It can be hard to find something new to say about Lou Reed more than 60 years after his debut. For Jason Stern and Don Fleming, it took the discovery of a long-lost artifact from the late rock musician and Velvet Underground singer. Stern and Fleming oversee Reed’s archive, and in those roles, they have just released Words & Music, May 1965, a collection of recently uncovered performances Reed recorded on tape. The songs were captured for what is known as a “poor man’s copyright”: Reed said “Words and music, Lou Reed” before each song in an attempt to own credit for the ideas. The renditions, recorded with Reed’s future bandmate John Cale, are surprisingly bare, having more in common with the folk music of the West Village at the time than the innovative rock Reed would become known for.
With abundant surprises, Words & Music is far more exciting than a typical demo release. It contains the earliest known version of “Heroin,” old takes on “Pale Blue Eyes” and “Men of Good Fortune” with vastly different lyrics, and near-mythic never-heard tracks like “Buttercup Song.” Stern and Fleming found it years ago and brought it to release with the help of Reed’s widow, the avant-garde artist Laurie Anderson (“She’s kind of our editor,” Fleming says). It’s the first in a series of archival Reed releases from the Seattle independent label Light in the Attic, coming on top of recent archival releases with Sony, Reed’s eventual label. “We just continue to find things that are somewhat mind-blowing in the collection,” Fleming says. “Even now, things pop up.”
Many of those finds are currently on display at the New York Public Library, where Stern and Fleming have curated Caught Between the Twisted Stars, an exhibition of Reed’s archive. The show features everything from old paperwork and memorabilia to copies of Reed’s poetry, the Words & Music tape, and other recordings. “The last thing we wanted to do was approach it as a Hard Rock Cafe thing,” Stern says. Crucially, the recordings are available for listening in the library — part of Anderson’s goal to make Reed’s archive, which the NYPL acquired in 2017, readily accessible. Stern and Fleming spoke to Vulture about making sense of the Words & Music tape, Reed’s creative process, and working with the rock icon in his final days.
When you heard this music for the first time, other than just taking it in, what were you listening for?
Don Fleming: We thought it was going to be a tape we already had a copy of because of the date on it. The day that Lou mailed it to himself was the same day he had gone into Pickwick Studios and done a recording session with what we’d thought was the earliest ever version of “Heroin.” Much to our surprise, when we first heard it, it wasn’t that at all. It was demos of Lou, in a room with John Cale, just doing these songs to copyright them.
Jason Stern: That moment of hearing it for the first time — we don’t even know at that point that John Cale is on it. We don’t know who the personnel are. So we’re just listening for context clues. The first time you hear John’s voice, I remember us going like, “That’s a Welsh accent!” We went in pretty much blind.
DF: This was the time in early ’65 when the two of them were on street corners busking, likely doing these songs in this way. We knew it had happened, but no one had heard it before. And we knew that Lou had a strong Dylan influence from when he was at Syracuse in college and his band played Dylan songs, but here it was finally, and we could really hear it for the first time. There were so many songs on there that were never heard before, were never bootlegged, and were never done later by Lou.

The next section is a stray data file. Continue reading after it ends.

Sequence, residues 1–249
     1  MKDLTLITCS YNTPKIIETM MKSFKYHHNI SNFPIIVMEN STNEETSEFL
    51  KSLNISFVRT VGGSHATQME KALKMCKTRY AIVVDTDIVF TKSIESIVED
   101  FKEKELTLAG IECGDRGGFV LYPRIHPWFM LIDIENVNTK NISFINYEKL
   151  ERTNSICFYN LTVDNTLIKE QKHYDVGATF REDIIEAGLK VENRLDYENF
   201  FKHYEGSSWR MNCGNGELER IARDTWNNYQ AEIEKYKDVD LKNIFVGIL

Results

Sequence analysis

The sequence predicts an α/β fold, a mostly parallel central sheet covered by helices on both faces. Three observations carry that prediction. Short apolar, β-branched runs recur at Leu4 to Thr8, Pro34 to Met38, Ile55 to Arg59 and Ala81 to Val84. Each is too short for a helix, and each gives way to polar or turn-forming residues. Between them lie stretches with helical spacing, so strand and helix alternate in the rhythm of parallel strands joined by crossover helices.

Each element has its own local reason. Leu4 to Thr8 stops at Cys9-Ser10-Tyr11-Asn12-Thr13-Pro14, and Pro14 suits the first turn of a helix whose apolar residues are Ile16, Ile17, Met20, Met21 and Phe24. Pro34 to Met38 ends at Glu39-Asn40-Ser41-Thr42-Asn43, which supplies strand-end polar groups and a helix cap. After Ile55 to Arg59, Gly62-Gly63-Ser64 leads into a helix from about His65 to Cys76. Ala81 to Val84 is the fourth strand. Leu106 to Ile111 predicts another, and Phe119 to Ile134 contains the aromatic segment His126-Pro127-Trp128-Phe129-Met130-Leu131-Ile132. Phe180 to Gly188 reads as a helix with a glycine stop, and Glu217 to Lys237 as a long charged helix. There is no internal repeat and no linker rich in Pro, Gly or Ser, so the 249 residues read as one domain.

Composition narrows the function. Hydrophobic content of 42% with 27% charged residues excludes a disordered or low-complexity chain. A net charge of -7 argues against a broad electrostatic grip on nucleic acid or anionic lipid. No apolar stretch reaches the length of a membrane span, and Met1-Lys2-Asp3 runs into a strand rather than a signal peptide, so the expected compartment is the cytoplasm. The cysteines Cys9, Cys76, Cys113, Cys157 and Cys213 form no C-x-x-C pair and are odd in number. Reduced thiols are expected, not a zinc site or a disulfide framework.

Some of the songs that were never released are super-fun and playful. I love “Buttercup Song,” and there’s the moment of laughter in “Too Late.” What do you make of this side of Reed coming out?
JS: I’m always pleased to hear Lou laugh. I got to experience it in real life, which was nice because I know he didn’t do that much in the public eye, but that’s the real Lou. He was a guy that liked to joke around. So yeah, I love hearing on this tape the part where he starts cracking up. That’s all great; that’s all realistic, too.
DF: And it does show the camaraderie between him and John. The call-and-response stuff where Lou seems to be just making stuff up. There are a few lines in a couple of those songs that he literally seemed to be making up on the spot, and some of them didn’t quite make sense because of it. So it does seem like they’d already played these together a good amount, probably on the street, because the way they recorded, it’s pretty tight. John knows all those harmony parts. It’s not off the cuff. And “Buttercup Song” was a great find because we knew of its existence. Sterling had talked about it in interviews.
JS: Yeah, I was very excited to uncover that one because I was just aware of it as this mythical song that Sterling had described. He said both titles of it, “Buttercup Song” and “Never Get Emotionally Involved With a Man, Woman, Beast, or a Child.” As soon as it started, it launches right into that line. I just knew it right away, like, Oh shit, we found it! The lost song is here.
DF: And it’s a song that follows that old folk tradition of just verse after verse, which “Men of Good Fortune” also does. It’s like a British ballad. That’s what’s so remarkable.
Whether it’s “Pale Blue Eyes” or “Wrap Your Troubles in Dreams” being recorded by Nico, some of these songs came out later. The two of you wrote that the recording of “Wrap Your Troubles in Dreams” is the closest to what we know as the Velvet Underground today in this collection. What do you make of Lou giving it to Nico to be recorded instead?
DF: All we meant by that was, when you’re listening to this tape of what sounds like folk music, suddenly, at the end, there’s a song that sounds like the Velvet Underground. This is the bridge where John’s influence is in there.
JS: It’s by virtue of being the least-strummy song on the record.